Belgium’s banking sector: Facts & Figures
Updated September 2019 – For earlier editions of Facts & Figures click here
According to the European Commission, after an increase of 1.4% in 2018, Belgian GDP is expected to grow by 1.2% in 2019 and 2020. Compared to 2017 (+1.7%), GDP growth eased in 2018 in the wake of the economic slowdown in the Euro area, as a whole, to which the very open Belgian economy was all but immuned. However, several positive developments should be noted: the policy to improve competitiveness by reducing labour costs (including a major tax shift operation) supports exports and employment growth (employment grew by 1.2% in 2018, and the unemployment rate fell from 7.1% in 2017 to 6.0% in 2018). Investments are in a relatively strong phase, in particular, equipment investments by companies.
The Belgian banking community is characterised by a variety of players who are active in different market segments. BNP Paribas Fortis, KBC, Belfius and ING Belgium are the four leading banks (with a combined balance sheet on a non-consolidated basis of 66% of the sector total at the end of 2018) and offer an extensive range of services in the field of retail banking, private banking, corporate finance and payment services. In addition, a number of smaller institutions exist which are often active in a limited number of market segments.
Like the Belgian economy, the banking sector is characterised by a high degree of international openness. Of the 87 banks established in Belgium at the end of September 2018, 84% were branches or subsidiaries of foreign institutions, and only 16% had Belgian majority ownership. At the end of 2018, 13 credit institutions under Belgian law had 87 entities in 25 other countries.
At the end of 2018, there were 2,983 bank branches in Belgium (adding branches held by independent bank agents, this number reaches 5,126). The number of ATMs amounted to 13,118, including 7,869 cash dispensers. E-banking and mobile banking are strongly on the rise: 12.9 million subscriptions for internet banking and 7.0 million subscriptions for mobile banking. As a result, several banks are restructuring their retail distribution network and will continue to do so.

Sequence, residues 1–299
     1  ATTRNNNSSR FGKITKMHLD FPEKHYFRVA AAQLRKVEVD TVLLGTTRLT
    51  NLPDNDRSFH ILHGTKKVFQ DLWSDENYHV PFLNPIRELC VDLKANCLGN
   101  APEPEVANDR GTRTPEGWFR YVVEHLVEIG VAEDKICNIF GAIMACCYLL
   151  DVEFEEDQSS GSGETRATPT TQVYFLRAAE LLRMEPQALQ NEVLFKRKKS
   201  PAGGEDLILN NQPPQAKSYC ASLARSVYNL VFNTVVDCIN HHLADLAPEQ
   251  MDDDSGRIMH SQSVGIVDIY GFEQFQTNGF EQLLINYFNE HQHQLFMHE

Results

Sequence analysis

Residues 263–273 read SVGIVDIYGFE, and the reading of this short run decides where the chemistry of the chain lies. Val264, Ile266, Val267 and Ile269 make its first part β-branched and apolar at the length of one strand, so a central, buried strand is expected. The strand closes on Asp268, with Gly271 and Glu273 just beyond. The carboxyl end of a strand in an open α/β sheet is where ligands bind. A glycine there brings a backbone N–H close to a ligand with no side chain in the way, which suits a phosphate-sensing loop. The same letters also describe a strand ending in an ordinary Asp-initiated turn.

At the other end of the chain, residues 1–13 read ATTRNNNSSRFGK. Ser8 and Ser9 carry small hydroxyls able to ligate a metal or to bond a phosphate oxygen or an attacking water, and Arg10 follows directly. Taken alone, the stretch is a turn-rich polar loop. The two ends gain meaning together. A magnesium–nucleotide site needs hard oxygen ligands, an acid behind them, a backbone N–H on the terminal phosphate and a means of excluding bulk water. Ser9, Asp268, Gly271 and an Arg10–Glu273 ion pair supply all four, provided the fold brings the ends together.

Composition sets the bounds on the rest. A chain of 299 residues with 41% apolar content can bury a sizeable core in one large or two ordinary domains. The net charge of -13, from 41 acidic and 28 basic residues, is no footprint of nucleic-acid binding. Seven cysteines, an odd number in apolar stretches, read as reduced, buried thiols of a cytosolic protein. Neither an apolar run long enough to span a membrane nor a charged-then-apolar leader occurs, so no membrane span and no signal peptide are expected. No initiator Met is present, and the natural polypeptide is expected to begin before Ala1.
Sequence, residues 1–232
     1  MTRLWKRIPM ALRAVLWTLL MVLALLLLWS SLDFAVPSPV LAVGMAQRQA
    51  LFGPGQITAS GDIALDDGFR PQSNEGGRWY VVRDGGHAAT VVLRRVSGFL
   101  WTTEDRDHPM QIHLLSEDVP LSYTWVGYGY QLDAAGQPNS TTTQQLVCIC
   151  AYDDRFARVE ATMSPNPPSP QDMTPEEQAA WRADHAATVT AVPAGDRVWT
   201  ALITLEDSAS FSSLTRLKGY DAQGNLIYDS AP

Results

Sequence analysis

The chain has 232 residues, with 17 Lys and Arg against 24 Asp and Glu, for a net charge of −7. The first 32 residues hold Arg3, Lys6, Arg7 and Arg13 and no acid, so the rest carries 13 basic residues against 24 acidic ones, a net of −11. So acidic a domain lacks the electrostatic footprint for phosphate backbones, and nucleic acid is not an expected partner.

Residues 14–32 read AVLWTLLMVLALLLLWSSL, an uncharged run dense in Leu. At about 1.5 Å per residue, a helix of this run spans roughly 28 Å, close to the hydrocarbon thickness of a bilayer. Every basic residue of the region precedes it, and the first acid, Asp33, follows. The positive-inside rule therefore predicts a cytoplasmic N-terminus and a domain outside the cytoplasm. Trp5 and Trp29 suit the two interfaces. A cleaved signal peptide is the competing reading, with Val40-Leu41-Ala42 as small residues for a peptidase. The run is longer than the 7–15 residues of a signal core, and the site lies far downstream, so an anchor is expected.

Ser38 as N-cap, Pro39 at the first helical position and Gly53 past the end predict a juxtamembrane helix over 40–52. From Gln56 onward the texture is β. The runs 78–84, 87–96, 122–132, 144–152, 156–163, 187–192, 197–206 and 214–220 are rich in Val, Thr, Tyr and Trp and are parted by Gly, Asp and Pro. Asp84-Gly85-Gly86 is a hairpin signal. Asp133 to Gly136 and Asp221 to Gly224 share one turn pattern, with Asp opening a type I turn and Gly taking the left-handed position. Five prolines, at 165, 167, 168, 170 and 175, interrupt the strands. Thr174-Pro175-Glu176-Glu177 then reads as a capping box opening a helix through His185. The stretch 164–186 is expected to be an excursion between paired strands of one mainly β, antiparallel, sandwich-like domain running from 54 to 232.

Banks in Belgium employ some 52,000 wage-earners, with 120,600 in the wider financial sector. The sector invests continuously in staff skills: almost 3% of total annual staff costs is spent on training. The swift digitisation is one of the factors that necessitate a permanent shift in competences.
At the end of 2018, the Belgian banks’ total assets (on a consolidated basis) amounted to €993 billion. Interbank claims accounted for approximately 20% of the total balance sheet. Loans to households also accounted for one-fifth of the total balance sheet, followed by investment in debt securities issued by financial and non-financial companies and public sector entities (18%) and corporate lending to non-financial companies, taking up about 14% of the total assets. In the Belgian banking sector, 69% of the liabilities are clients’ deposits (including debt evidenced by securities), mainly consisting of regulated saving deposits, sight deposits and term deposits.
In recent years, banks have eased their criteria for granting loans to companies. In the fourth quarter of 2018, banks slightly tightened these criteria for the first time since the first quarter of 2013. Credit demand by companies increased considerably. The volume of outstanding loans to non-financial corporations (NFCs) rose to a record level. Long-term loans, in particular, are also on the rise. Companies want to make maximum use of and fix the exceptionally low interest rates, driven by the ECB’s extremely accommodating stance. In addition, almost three-quarters of the NFC loan volume is granted to SMEs.
Belgian households had gross financial assets of €1,317 billion at the end of 2018. In addition to deposit products (Belgian households, non-banking companies and public authorities together had around €530 billion in deposit accounts with Belgian banks at the end of 2018), banks offer a wide range of investment instruments and services. Asset management is an important part of this area, with banks (often through their asset management subsidiary) commercialising many investment funds.
Since 2008, the Belgian banking sector has worked on its financial soundness through a phase of balance sheet deleveraging, among other things. The cost-to-income ratio fell from 72.1% in 2012 to 61.2% in 2018, indicating a significant improvement in cost efficiency. The return on average equity (ROE) was 8.0% in 2018. The Liquidity Coverage Ratio and CET I ratio also remained very robust in 2018, at 144.6% and 15.6% respectively. Finally, the credit quality is solid, with an impaired claims’ percentage of 2.3% at the end of 2018.
The sector is aware of the major challenges ahead. The climate of continuing extremely low interest rates increases the banks’ focus on adjusting their business models. At the same time, digital applications are picking up speed, a development that is being met with substantial investments. Emphasis is put on shifting services from the traditional branch network to digital banking via online channels and (smartphone) banking applications. FinTech has become an important factor, and the Belgian financial centre is taking many notable initiatives such as Start It@KBC, ING Fin Tech Valley, Co.Station and The Birdhouse, among others. For the future, and keeping a commitment to climate in mind, financing the energy transition (for families as well as companies and governments) will also be an important challenge.
Contributor: Tim de Vos Tim.De.Vos@febelfin.be